5 foundations of an open multicloud architecture
How to enable digital transformation for enterprise workloads
As the pandemic continues to accelerate the adoption of digitized services, cloud providers are developing and publishing more digital cloud services. According to IDC, “Digital transformation drives disruption in how businesses create and deliver value to customers, driven largely by changes in buyer and user behavior.”1 At the core of the latest wave of digital transformation are the operating principles of open-source software and governance — and the cultural changes that come along with them. One of these changes is the responsibility to use IT to help achieve competitive advantages for your organization. To emerge stronger after COVID-19, an increasing number of enterprises are implementing an open multicloud architecture.
The concept of “open” is often used to convey that a solution helps prevent vendor lock-in or to orient a discussion in terms of open-source strategies. Both definitions have significant benefits, but this approach can also create security vulnerabilities and other risks.
Fortunately, the right strategy helps mitigate these challenges. In this article, we’ll explore five foundations of seamless multicloud architecture development and deployment.
1. Enterprise-grade open-source software
Enterprise-grade solutions deliver performance tuning, vulnerability scans and optimization across your workloads and applications. When you apply this approach to your open-source software, you combine the advantages of open source with the stability, performance and support offered by enterprise software across your organization.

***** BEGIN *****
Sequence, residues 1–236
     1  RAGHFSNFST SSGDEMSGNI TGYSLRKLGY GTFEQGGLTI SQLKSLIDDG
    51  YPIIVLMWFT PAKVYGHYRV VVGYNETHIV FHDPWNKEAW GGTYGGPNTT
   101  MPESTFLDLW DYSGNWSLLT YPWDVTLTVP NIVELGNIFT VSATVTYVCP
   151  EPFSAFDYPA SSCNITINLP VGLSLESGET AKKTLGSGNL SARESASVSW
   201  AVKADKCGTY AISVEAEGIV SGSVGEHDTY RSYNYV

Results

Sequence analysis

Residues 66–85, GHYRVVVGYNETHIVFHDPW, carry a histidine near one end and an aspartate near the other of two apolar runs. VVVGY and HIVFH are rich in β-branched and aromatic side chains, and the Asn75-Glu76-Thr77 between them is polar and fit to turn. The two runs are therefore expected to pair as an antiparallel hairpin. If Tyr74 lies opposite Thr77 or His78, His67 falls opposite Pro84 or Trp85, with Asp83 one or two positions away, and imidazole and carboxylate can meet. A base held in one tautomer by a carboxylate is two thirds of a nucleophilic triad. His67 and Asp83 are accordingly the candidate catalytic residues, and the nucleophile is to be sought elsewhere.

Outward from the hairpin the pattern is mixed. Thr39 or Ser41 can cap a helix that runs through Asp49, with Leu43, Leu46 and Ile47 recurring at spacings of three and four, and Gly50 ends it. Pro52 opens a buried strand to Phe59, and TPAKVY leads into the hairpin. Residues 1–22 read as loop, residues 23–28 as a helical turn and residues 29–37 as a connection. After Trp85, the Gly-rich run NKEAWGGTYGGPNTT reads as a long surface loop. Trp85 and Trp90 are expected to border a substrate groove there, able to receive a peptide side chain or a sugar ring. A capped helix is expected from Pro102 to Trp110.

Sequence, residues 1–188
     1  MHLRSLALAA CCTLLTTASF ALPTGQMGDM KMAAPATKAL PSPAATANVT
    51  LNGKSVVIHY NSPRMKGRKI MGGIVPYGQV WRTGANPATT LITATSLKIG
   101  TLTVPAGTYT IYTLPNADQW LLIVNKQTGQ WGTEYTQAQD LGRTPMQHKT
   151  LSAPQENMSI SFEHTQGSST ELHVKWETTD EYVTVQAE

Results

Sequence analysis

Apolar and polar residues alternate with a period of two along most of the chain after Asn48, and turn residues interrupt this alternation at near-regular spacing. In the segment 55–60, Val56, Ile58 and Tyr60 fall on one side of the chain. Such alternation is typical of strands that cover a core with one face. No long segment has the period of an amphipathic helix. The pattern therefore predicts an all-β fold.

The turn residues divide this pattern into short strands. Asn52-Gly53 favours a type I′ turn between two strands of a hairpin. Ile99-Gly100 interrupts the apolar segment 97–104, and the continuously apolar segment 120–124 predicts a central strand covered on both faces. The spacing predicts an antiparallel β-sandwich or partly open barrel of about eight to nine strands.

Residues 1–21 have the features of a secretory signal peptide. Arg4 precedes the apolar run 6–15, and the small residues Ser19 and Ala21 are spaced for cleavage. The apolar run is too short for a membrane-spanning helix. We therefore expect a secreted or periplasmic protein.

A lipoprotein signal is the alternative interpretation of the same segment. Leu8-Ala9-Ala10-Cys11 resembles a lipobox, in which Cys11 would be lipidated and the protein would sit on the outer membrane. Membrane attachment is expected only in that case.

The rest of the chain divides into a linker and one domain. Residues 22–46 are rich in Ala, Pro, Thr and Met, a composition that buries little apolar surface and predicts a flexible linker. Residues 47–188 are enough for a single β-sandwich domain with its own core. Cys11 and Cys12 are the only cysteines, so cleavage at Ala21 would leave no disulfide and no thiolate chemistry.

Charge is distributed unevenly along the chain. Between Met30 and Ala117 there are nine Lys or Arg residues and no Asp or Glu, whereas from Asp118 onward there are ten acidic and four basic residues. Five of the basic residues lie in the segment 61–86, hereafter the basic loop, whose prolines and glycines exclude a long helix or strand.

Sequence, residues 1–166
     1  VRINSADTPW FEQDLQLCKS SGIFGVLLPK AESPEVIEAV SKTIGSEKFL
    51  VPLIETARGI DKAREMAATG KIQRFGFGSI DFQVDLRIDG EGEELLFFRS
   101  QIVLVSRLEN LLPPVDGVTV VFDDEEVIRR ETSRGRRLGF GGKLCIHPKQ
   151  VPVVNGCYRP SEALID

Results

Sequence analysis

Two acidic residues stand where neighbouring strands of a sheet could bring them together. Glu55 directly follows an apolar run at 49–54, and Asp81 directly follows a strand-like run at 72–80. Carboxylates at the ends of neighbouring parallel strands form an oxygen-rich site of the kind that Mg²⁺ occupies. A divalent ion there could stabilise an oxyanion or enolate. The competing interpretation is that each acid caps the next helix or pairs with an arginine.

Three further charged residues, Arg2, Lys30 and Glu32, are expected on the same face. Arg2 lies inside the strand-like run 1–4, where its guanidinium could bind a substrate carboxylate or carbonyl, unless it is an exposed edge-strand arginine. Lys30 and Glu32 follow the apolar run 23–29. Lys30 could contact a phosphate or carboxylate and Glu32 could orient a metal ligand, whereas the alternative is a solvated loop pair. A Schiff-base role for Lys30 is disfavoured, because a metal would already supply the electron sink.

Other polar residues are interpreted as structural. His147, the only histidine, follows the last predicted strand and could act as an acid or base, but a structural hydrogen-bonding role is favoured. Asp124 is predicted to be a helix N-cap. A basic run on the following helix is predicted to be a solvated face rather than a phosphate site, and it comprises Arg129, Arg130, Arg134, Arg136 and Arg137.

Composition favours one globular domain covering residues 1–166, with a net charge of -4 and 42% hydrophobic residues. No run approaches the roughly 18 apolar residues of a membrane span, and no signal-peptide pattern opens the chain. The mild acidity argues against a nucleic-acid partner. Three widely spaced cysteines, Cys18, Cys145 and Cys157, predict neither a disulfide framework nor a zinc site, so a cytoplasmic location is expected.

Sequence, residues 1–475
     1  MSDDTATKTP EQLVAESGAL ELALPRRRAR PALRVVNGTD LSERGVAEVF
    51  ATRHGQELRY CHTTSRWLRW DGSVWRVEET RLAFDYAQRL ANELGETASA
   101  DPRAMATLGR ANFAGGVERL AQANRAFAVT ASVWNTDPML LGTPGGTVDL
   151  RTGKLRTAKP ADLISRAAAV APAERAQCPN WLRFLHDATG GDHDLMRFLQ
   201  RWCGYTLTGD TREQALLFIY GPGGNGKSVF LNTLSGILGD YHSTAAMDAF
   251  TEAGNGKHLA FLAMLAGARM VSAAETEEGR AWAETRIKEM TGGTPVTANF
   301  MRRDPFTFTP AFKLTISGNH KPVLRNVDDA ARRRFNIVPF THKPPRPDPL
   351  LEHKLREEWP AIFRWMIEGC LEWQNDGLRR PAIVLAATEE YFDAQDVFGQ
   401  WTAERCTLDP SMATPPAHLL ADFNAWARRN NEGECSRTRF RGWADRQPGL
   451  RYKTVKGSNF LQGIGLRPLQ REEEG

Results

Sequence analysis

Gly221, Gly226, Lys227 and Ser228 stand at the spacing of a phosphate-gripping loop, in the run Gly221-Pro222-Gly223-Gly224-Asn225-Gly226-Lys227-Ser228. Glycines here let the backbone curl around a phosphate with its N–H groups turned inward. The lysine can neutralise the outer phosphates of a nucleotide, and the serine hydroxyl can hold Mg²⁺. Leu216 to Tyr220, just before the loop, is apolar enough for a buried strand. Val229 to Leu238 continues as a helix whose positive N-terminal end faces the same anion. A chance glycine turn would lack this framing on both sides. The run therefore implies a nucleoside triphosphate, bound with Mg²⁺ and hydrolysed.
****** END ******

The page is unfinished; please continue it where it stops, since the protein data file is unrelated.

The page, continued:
2. Community model
A community model such as a data lake, allows you to provide others access to your multi-tenant platform and its use cases in the spirit of collaboration and sharing. Without having to worry about setup, this approach allows other community members to implement the same platform for additional uses on private clouds, public clouds or a combination of both.
3. Open governance
If you define the quality and security aspects of the community software alone, it’s not an enterprise open-source solution. With an open-source approach, your organization can develop a governance model that works seamlessly across enterprise security policies and the wider community — all with a valuable 360-degree feedback loop.
4. Lifecycle management
Open-source software and solutions offer increased agility and extensive feature enhancements, but they often lack a robust lifecycle management process. This process is essential for back-porting security fixes, which eliminates the need to refactor applications or perform major upgrades on mission-critical environments. With open enterprise applications, you can experience a predictable lifecycle that includes information related to the support matrix, backward compatibility and more.
5. Service-level agreements and support
Clearly defined service-level agreements (SLAs) provide the support and guidance needed to identify and resolve issues and outages. A well crafted agreement outlines the responsibilities and roles of different parties to ensure successfully deployed open-source solutions. In addition to providing documentation, a knowledge base and forums, some SLAs even include an account manager who helps troubleshoot and proactively identify problems.
The open-source advantage
A multicloud open architecture is key to developing a successful enterprise-wide IT landscape. As you adopt a hybrid multicloud model, it’s imperative to consider how open-source solutions can help host, deploy and manage your workloads across vendors and cloud providers.
1IDC FutureScape: Worldwide Cloud 2020 Predictions, IDC, DOC #US44640719, October 2019.